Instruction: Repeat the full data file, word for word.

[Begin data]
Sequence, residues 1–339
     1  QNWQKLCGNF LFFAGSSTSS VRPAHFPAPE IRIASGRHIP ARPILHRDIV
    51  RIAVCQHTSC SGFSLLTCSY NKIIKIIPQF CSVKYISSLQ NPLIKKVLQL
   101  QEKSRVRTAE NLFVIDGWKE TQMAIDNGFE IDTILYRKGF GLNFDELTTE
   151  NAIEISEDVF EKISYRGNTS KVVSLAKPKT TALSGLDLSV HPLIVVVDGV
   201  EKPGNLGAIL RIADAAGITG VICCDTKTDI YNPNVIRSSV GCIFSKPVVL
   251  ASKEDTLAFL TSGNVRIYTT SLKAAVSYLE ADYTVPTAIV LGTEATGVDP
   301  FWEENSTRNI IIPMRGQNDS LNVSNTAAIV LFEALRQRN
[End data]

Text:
Sequence, residues 1–339
     1  QNWQKLCGNF LFFAGSSTSS VRPAHFPAPE IRIASGRHIP ARPILHRDIV
    51  RIAVCQHTSC SGFSLLTCSY NKIIKIIPQF CSVKYISSLQ NPLIKKVLQL
   101  QEKSRVRTAE NLFVIDGWKE TQMAIDNGFE IDTILYRKGF GLNFDELTTE
   151  NAIEISEDVF EKISYRGNTS KVVSLAKPKT TALSGLDLSV HPLIVVVDGV
   201  EKPGNLGAIL RIADAAGITG VICCDTKTDI YNPNVIRSSV GCIFSKPVVL
   251  ASKEDTLAFL TSGNVRIYTT SLKAAVSYLE ADYTVPTAIV LGTEATGVDP
   301  FWEENSTRNI IIPMRGQNDS LNVSNTAAIV LFEALRQRN